Ullman to Take Reins at Penney Ullman Takes Reins
Carole Sloan -- Home Textiles Today, November 1, 2004
Myron “Mike” Ullman III has been named chairman and CEO of J.C. Penney Co. succeeding Allen Questrom, who announced earlier this year that he would not renew his employment contract when it expires in September 2005.
Questrom is credited with turning around the giant retailer since his arrival in September 2000.
Ullman, who joins Penney Dec. 1 with a wide-ranging and global track record, said that he would take the next few months to get to know the team, the off-mall opportunities, the Internet and the brand. By mid-spring, he said in the conference call after his appointment was announced, “I should have a point of view that will give me a chance to put my initial impressions behind, and start to deal with reality.”
Ullman's broad range of retailing experience began in 1982 at Federated Department Stores' former Sanger Harris division, where he rose to executive vice president. He later became managing director of Wharf Holdings in Hong Kong and became executive vice president of R. H. Macy in 1988. He was promoted to CEO in 1992 several months after the company filed for bankruptcy protection.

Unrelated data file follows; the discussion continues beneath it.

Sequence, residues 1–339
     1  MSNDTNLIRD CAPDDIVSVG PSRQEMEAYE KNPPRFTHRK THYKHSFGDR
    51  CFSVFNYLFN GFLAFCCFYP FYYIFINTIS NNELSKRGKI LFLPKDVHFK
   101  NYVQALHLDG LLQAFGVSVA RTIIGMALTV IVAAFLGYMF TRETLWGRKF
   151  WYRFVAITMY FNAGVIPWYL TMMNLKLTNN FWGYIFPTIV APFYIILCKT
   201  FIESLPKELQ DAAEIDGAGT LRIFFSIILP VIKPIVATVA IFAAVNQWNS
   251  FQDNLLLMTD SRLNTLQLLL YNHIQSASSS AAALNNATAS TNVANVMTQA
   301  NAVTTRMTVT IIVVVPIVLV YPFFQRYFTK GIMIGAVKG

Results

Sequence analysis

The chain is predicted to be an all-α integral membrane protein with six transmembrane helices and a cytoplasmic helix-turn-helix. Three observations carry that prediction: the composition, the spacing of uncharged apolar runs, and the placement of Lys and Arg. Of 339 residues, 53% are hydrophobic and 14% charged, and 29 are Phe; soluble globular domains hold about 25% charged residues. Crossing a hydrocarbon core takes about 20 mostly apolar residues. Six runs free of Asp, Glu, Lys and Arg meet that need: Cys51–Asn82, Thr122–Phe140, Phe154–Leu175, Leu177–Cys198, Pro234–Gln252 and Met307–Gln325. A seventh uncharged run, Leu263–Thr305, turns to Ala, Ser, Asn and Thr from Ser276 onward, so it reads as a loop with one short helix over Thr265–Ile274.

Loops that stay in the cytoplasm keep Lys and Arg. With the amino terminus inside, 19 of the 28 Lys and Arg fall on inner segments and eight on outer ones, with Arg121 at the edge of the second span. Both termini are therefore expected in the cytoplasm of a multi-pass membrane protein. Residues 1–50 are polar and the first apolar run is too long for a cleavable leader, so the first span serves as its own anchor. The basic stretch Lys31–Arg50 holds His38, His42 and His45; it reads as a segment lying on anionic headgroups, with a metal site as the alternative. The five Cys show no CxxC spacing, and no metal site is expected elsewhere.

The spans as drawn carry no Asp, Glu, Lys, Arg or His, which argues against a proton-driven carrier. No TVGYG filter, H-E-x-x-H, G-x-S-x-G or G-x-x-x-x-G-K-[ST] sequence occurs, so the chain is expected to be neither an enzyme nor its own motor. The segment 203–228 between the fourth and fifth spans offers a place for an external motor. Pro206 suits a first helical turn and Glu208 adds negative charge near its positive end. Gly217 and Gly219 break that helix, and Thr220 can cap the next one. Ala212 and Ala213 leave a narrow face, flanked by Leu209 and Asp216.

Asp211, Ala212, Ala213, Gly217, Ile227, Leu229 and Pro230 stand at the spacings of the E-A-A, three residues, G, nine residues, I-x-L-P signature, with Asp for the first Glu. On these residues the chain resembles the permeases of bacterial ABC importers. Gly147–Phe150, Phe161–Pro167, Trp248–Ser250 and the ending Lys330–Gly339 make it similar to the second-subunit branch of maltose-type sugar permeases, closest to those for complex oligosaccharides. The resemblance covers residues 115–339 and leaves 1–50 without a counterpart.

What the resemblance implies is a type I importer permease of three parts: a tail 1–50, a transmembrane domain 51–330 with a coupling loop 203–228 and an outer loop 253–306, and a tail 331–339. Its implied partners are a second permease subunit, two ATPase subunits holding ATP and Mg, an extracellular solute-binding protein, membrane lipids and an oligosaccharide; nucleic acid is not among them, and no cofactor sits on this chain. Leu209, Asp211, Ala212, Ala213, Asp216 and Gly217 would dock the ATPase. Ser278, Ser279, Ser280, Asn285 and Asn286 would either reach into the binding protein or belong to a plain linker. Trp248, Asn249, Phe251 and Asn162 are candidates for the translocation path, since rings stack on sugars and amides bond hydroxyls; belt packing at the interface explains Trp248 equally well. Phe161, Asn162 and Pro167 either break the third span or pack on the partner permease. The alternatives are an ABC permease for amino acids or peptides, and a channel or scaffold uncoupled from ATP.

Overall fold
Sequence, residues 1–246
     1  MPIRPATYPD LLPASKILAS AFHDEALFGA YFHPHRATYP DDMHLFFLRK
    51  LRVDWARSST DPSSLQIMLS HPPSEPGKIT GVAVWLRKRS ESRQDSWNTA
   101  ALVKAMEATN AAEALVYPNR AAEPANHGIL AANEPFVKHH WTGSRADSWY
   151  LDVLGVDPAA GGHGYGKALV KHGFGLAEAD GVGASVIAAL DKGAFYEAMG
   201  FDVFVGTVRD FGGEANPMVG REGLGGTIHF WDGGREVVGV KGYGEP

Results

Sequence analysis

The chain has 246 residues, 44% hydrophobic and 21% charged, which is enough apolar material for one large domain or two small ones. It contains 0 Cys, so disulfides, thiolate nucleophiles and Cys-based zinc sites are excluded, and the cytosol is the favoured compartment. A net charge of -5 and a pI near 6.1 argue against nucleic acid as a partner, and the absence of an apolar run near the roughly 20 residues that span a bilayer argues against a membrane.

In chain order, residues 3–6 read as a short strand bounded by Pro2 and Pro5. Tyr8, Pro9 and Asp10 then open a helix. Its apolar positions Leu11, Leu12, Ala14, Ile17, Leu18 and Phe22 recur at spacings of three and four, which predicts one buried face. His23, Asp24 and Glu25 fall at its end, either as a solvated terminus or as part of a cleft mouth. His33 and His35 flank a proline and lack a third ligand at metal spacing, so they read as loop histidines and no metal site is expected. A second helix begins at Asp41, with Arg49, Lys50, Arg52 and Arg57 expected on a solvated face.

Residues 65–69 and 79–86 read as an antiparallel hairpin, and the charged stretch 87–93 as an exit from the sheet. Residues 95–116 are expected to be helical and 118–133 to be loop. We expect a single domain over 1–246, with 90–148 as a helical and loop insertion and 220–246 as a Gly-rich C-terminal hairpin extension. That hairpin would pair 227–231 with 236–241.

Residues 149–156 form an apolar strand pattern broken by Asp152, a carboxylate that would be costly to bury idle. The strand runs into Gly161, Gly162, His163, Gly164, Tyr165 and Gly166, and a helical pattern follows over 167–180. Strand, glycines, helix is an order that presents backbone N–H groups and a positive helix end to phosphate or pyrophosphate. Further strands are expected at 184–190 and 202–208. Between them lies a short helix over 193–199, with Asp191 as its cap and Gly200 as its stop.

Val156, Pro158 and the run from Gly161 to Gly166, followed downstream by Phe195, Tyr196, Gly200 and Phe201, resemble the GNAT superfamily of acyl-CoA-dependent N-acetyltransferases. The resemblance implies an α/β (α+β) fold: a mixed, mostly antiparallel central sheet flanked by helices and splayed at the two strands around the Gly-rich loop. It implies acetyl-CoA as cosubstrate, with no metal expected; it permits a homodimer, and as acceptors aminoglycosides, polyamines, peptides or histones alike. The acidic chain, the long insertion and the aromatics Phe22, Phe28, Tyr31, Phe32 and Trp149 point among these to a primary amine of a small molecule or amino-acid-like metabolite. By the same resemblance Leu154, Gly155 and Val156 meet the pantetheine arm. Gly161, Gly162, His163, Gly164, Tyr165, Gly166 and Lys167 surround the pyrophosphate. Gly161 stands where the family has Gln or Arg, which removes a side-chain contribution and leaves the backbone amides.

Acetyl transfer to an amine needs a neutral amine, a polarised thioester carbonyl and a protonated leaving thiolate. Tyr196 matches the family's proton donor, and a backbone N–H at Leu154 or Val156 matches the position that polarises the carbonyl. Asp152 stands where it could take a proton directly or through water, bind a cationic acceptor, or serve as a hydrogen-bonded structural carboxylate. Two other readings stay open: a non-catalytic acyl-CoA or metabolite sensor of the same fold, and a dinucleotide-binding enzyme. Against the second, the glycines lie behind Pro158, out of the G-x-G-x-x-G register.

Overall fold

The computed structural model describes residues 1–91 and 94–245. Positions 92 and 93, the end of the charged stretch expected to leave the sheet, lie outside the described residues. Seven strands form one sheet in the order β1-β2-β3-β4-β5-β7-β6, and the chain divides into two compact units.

When Federated, then headed by Questrom, staged an unsolicited bid for Macy's, then under Ullman's direction, Macy's became part of Federated in 1994. Ullman left to become chairman and CEO of the DFS Group of duty free shops around the world. In the mid-'90s, LVMH Moet Hennessy Louis Vuitton bought DFS Group and Ullman rose through that corporation's ranks to become second in command to chairman Bernard Arnault.
In a conference call last week, Questrom said, “This could not be a better decision. The key is his previous experience and his CEO experience.”
At the same time, Questrom said, “I am disappointed that Vanessa Castagna did not get the job. I can't comment on her plans.” Castagna is second in command at Penney, serving as chairman and CEO of Penney stores, catalog and Internet.
Commenting on Penney's progress, Questrom said the company would hit its $1 billion target for Internet sales sooner than planned. He also said the off-the-mall store concept “is a better deal than we thought it was. It's a whole new opportunity for 100 to 200 stores” — a figure substantially higher than the 75 to 100 originally projected.
Ullman stressed the importance of continuing to have Penney offer “fashion at a price, and quality is very important,” brushing aside thoughts that with his background in luxury merchandise he would take the company upscale. For Penney, he said, “It is a combination of brand and sales promotion. But the content and product must be right.”
Branding will continue to play a key role at Penney, Questrom said, “and we've begun branding the Penney name, as well as designers to develop brands that differentiate us.” In home, he pointed to Chris Madden and Colin Cowie as “establishing an identity that make people come to Penney.”